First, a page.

|★ AMSTRAD CPC ★ GAMESLIST ★ COMPILATION: AIR ATTACK (c) ALTERNATIVE SOFTWARE ★|
Up there, flying through the clouds, soaring with the birds, swooping like an eagle, diving like a heron (getting blown to bits like a clay pigeon), playing in the fluffy pink clouds, and back in time for tea - life in the Air Force is good, handsome, brave, dashing... or is it. SIMON FORRESTER thinks not.
That's dross. Your lifespan was ten minutes in a Spitfire, and probably not much longer in a Harrier. You were cold, scared, and exhausted and filled with the cold dread of sudden, unheroic death. So especially for you, Alternative have allowed us all to relive the experience with their flight sim compilation pack containing Spitfire 40 and Strike Force Harrier - two of the biggest selling sims on the CPC. But are these games any good? In reality, it all depends what lights your candle. Personally, my candle positively metts when I think of hanging upside down 30,000 feet up in the air!
This game must have been a nightmare to program, seeing as not only have you got to write a flight sim, but a faithful conversion from reality. Whether they've achieved this is, quite frankly, anybody's guess (when was the last time you went up in a Spitfire then?).
The game is simple; fly over England blasting as many bells as possible out of your opponents. That's it. Your opponents, like everything else in this game, are essentially vector graphics, but the speed at which this game runs excuses that - if those straight lines were all filled in with colour and stuff like that, the game would be too slow to be playable.
On loading, you have the choice of practice mode (no evil villainous bad guys), combat mode (the real thing, chocks away etc), and finally combat practice (this sees you already in the air being attacked by a stream of Red Baron style blokies). This makes Spitfire 40 more than just a mediocre fly-and-shoot-'em-up.
The graphics in Spitfire 40 aren't exactly beautiful, with not much on the ground, the horizon, or indeed, ttie air. Life isn't all dull though, as getting used to the controls and learning to fly a plane that has great difficulty maintaining height will keep you too occupied to worry about the lack of ground detail. Sonically, this game is just a tad annoying. The problem with any simulator is that programmers always seem to feel compelled to simulate a whining engine with a really heavy flange.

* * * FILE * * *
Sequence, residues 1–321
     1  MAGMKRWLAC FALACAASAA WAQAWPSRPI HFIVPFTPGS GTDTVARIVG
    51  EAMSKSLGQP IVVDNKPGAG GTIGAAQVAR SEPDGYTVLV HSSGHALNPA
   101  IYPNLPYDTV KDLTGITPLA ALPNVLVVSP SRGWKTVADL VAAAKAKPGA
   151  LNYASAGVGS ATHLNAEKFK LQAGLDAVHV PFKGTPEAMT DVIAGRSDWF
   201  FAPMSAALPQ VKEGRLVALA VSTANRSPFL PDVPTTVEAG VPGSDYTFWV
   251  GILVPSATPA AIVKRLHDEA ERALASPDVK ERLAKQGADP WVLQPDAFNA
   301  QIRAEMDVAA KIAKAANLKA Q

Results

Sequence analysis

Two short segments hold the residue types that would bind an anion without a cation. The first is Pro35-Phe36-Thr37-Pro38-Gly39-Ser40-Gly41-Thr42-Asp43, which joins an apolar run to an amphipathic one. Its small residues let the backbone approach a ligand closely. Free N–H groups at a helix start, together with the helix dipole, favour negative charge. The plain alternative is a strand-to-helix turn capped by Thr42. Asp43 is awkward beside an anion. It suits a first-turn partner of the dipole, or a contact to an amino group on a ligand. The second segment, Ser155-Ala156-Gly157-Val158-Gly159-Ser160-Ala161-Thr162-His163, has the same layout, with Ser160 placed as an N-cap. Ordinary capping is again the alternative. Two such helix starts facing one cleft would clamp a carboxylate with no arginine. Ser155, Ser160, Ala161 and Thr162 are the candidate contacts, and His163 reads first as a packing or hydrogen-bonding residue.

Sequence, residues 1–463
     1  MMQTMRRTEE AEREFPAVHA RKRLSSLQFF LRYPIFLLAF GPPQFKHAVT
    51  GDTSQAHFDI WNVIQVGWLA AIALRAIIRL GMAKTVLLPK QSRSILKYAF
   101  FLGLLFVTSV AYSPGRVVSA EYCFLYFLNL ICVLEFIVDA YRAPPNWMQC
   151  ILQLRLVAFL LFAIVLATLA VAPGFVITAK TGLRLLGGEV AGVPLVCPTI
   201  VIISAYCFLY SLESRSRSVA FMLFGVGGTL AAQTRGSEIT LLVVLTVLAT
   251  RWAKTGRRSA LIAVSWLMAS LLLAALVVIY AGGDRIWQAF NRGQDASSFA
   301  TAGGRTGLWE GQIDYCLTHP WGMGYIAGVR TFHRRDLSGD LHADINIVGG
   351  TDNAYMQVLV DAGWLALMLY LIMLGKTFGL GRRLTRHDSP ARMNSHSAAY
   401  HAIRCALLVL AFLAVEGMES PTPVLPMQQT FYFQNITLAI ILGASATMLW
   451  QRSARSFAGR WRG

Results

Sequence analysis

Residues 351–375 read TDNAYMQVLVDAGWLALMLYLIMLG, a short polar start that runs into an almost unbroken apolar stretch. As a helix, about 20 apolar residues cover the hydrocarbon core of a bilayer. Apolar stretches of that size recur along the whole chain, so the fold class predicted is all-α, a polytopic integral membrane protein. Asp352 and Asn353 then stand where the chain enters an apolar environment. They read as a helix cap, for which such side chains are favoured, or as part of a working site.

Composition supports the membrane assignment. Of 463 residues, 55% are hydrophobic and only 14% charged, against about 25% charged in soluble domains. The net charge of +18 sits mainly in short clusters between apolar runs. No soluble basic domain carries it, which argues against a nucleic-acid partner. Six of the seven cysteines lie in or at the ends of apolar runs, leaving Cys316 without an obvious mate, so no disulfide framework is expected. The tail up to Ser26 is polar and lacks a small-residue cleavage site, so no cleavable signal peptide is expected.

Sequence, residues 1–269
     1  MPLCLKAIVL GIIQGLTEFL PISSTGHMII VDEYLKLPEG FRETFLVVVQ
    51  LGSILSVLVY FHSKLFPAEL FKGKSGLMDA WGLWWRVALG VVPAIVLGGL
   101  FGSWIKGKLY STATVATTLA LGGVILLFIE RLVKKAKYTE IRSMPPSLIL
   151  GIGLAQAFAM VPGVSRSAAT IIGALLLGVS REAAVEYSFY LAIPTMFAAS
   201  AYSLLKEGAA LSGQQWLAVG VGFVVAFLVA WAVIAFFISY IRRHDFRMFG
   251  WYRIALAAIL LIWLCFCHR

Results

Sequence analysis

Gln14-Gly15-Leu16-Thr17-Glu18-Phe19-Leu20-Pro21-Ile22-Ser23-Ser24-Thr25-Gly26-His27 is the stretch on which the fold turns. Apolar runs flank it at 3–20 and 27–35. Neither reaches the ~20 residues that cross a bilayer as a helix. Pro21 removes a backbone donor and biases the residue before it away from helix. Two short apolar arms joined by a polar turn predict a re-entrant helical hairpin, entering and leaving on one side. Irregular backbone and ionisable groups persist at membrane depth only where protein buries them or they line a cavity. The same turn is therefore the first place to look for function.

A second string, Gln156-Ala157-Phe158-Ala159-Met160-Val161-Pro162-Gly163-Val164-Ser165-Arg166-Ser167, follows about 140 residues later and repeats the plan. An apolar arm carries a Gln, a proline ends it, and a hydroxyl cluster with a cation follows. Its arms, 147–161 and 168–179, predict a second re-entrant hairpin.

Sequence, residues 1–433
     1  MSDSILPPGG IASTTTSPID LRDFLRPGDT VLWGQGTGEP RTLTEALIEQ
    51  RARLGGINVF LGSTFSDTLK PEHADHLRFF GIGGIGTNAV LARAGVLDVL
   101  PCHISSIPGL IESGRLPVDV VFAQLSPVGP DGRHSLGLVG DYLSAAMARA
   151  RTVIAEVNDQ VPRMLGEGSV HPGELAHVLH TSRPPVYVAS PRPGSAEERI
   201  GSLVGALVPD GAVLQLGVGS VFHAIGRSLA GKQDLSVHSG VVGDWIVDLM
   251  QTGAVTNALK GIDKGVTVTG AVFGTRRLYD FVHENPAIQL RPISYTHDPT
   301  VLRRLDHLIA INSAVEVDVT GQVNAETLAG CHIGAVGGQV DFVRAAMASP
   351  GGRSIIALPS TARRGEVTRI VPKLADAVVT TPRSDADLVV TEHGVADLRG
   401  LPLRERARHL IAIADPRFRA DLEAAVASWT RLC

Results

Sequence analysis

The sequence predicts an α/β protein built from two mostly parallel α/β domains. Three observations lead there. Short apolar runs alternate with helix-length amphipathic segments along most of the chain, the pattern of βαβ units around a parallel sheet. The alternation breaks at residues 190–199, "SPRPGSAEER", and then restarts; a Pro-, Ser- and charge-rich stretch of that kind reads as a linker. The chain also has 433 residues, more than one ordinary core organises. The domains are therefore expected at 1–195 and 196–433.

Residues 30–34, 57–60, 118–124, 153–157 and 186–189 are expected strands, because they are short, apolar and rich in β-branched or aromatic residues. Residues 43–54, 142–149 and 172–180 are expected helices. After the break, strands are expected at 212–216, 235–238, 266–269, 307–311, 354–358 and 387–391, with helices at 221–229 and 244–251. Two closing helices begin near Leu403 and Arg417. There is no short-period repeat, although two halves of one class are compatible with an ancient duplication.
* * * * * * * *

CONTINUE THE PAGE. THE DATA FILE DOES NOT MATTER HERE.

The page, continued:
When you're flying, certain things are bound to confuse you at first. The scariest problem you'll have is suddenly tipping forwards and flying towards the ground. Aaaaaaueargh!
Spitfire 40 isn't the smoothest or flashiest game in the world, but it's fun.
Strike Force Harrier
Time to dispense with all the 'Tally Hols' and such like, and move to more modern quotes such as, 'I'll see you in hell, Jack!' as we move almost bang up to date with Strike Force Hamer, and if you though reviewing Spitfire 40 was difficult enough, you ought to try taking an authoritative stance this one! However, I suppose I'd better do my job (When? Ed) and appear the all-seeing, allknowing reviewer.
The quality of the simulation is still open to question, but what about the quality of the game? The first problem you'll encounter is the fact that there don't seem to be any instructions. You're not even told how to speed up, let alone climb! Always assuming you don't want to use them, there are a lot of features on the Harrier. There's loads of weapons (what is a chaff anyway?) and
Graphically. Harrier is a little better than Spitfire 40, with stuff on the ground, mountains, etc. Sonically, it's pretty much the same.
Once you get the knack of playing this game, you'll enjoy it. However, if you don't like flight sims as a rule, what are you doing with this game anyway? AA
L'alinéa 8 de l'article L122-5 du Code de la propriété intellectuelle explique que « Lorsque l'œuvre a été divulguée, l'auteur ne peut interdire la reproduction d'une œuvre et sa représentation effectuées à des fins de conservation ou destinées à préserver les conditions de sa consultation à des fins de recherche ou détudes privées par des particuliers, dans les locaux de l'établissement et sur des terminaux dédiés par des bibliothèques accessibles au public, par des musées ou par des services d'archives, sous réserve que ceux-ci ne recherchent aucun avantage économique ou commercial ». Pas de problème donc pour nous!
CPCrulez[Content Management System] v8.7-desktop/cache
L'Amstrad CPC est une machine 8 bits à base d'un Z80 à 4MHz. Le premier de la gamme fut le CPC 464 en 1984, équipé d'un lecteur de cassettes intégré il se plaçait en concurrent du Commodore C64 beaucoup plus compliqué à utiliser et plus cher. Ce fut un réel succès et sorti cette même années le CPC 664 équipé d'un lecteur de disquettes trois pouces intégré. Sa vie fut de courte durée puisqu'en 1985 il fut remplacé par le CPC 6128 qui était plus compact, plus soigné et surtout qui avait 128Ko de RAM au lieu de 64Ko.